Diminished Responsibility

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  • Diminished Responsibility
    • Diminished responsibility is set out in s.2 of the Homicide Act 1957 as amended by s.52 of the coroners & justice act 2009
      • 1. An abnormality of mental functioning caused by a recognised medical conditon
        • R v Byrne 1960
        • Some examples of what has been held to constitute abnormality of the mind include
          • Jealousy (R v Miller 1972)
          • Battered Women syndrome (R v Ahluwalia '93 & R v Hobson 1993)
          • Pre-menstrual tension (R v Smith 1982 & R v Reynolds 1988)
          • Epilepsy (R v Campbell 1997)
          • Chronic Depression R v Seers & R v Gittents 1984)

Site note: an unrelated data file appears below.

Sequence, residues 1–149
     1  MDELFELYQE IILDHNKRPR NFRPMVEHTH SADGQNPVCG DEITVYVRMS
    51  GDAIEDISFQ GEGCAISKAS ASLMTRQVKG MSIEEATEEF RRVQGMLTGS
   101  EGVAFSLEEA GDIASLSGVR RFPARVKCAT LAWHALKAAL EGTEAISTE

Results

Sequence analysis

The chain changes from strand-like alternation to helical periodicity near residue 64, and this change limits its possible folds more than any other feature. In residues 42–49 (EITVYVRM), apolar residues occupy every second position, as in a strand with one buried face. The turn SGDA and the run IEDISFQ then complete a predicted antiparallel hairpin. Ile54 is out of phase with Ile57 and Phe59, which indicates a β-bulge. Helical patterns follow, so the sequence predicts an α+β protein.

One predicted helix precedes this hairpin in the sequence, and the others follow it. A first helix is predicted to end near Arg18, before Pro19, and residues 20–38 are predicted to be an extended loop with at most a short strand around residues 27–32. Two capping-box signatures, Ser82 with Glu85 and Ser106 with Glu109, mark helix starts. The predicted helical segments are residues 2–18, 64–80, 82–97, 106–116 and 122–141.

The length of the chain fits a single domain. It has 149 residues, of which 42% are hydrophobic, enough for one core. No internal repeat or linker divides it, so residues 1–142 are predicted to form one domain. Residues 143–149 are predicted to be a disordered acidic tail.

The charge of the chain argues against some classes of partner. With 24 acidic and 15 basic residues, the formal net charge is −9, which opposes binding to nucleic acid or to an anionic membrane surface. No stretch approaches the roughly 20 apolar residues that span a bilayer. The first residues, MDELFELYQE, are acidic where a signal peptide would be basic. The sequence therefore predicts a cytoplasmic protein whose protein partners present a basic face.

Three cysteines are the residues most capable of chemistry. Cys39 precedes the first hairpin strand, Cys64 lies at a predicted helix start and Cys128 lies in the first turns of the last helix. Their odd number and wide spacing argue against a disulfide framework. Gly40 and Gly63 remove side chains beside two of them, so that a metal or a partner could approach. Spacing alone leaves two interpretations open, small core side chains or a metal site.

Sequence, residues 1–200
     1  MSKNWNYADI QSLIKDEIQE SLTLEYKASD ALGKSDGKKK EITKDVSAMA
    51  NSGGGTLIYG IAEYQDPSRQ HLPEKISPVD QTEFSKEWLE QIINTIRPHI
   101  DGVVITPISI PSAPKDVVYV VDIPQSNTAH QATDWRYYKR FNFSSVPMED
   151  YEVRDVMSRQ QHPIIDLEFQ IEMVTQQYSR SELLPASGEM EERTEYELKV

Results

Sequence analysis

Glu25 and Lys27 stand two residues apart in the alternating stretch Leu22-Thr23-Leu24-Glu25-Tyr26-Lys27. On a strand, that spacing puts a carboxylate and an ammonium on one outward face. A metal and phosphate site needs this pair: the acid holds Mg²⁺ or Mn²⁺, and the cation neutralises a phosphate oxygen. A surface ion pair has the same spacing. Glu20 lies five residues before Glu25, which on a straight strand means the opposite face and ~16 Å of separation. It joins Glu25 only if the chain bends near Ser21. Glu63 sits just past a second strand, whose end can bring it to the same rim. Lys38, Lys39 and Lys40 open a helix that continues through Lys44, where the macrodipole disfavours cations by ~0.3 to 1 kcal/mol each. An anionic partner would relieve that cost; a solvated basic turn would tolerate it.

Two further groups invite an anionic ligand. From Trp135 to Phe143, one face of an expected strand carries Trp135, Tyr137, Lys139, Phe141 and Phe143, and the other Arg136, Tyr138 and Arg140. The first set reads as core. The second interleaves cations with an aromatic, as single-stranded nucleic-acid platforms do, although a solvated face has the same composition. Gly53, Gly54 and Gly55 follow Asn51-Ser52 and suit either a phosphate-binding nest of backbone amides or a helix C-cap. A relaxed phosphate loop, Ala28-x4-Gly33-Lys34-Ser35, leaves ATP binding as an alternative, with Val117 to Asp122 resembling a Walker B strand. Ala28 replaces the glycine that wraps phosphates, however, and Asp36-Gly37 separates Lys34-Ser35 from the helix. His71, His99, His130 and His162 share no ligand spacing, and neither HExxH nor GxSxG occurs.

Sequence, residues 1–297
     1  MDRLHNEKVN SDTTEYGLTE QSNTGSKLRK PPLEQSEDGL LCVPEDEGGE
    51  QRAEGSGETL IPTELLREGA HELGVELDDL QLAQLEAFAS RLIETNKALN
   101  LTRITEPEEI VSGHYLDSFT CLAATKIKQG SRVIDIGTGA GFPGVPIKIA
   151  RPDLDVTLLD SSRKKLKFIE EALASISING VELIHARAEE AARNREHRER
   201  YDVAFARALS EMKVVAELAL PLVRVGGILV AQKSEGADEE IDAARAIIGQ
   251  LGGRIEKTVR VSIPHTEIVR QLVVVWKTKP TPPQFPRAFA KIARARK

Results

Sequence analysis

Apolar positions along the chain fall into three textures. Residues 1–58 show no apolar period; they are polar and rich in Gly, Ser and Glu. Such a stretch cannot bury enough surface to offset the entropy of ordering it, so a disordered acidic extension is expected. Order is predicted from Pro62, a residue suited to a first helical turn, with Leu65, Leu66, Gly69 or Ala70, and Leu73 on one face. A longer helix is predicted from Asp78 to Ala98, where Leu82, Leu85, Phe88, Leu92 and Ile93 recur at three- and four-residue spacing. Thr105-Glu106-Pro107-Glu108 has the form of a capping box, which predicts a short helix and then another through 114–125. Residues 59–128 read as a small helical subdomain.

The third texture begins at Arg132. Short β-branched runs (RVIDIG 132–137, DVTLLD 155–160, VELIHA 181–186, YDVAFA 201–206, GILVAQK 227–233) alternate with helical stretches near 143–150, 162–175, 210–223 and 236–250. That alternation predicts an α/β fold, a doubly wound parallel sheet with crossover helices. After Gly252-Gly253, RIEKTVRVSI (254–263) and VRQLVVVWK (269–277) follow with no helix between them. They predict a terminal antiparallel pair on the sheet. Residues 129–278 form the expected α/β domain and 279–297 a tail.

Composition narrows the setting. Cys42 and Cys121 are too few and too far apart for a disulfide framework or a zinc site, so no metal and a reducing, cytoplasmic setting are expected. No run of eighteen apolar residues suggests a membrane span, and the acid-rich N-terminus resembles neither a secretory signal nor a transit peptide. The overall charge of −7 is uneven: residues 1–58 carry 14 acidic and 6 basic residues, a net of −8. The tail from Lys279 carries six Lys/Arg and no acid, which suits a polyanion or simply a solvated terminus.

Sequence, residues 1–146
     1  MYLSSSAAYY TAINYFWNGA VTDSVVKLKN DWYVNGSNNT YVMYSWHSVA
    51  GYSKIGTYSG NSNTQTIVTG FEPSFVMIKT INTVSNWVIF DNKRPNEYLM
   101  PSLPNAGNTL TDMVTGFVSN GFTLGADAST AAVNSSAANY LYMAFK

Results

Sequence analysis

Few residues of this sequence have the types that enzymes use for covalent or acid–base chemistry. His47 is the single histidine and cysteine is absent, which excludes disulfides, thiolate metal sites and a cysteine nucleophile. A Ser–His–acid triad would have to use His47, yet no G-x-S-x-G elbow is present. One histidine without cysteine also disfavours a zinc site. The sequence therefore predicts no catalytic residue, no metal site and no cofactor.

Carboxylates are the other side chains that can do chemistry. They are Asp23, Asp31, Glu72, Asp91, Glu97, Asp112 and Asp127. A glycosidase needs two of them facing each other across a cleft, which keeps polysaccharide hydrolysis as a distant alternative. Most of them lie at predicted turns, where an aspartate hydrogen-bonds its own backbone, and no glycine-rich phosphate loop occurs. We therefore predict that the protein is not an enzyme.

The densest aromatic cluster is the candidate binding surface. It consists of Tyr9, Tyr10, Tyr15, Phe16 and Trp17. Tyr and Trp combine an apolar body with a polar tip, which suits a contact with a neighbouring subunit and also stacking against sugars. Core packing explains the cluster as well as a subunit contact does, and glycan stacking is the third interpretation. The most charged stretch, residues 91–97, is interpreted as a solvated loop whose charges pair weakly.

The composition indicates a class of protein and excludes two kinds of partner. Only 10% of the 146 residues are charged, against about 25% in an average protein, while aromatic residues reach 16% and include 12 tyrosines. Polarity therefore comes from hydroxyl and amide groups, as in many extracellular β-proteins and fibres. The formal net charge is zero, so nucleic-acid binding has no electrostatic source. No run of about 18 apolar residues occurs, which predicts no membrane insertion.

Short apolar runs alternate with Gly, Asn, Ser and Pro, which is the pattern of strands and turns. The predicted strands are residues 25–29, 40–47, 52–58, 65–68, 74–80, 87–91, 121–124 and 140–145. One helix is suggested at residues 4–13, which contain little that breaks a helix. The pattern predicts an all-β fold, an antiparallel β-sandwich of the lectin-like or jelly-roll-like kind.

• 2. Which provides an explanation for the defendants acts or omissions in being party to the killing
        • R v Tandy 1989
        • R v Wood 2009
        • R v Stewart
        • The Same approach is applied where the defendant is intoxicated by prescription drugs
          • R v O'Connell 1997
          • Where ther exists an abnormality of the mind in addition to intoxicants the legal position was stated in R v Gittens & Affirmed in R v Dietschmann
        • Acute voluntary intoxication alone is not capable of founding the defence of voluntary intoxication
          • R v Dowds 2012
      • 3. Which substantially impaired his/her mental ability to either
        • A. Understand the nature of their conduct
        • B. Form rational judgement
        • C. exercise self control
        • R v Campbell


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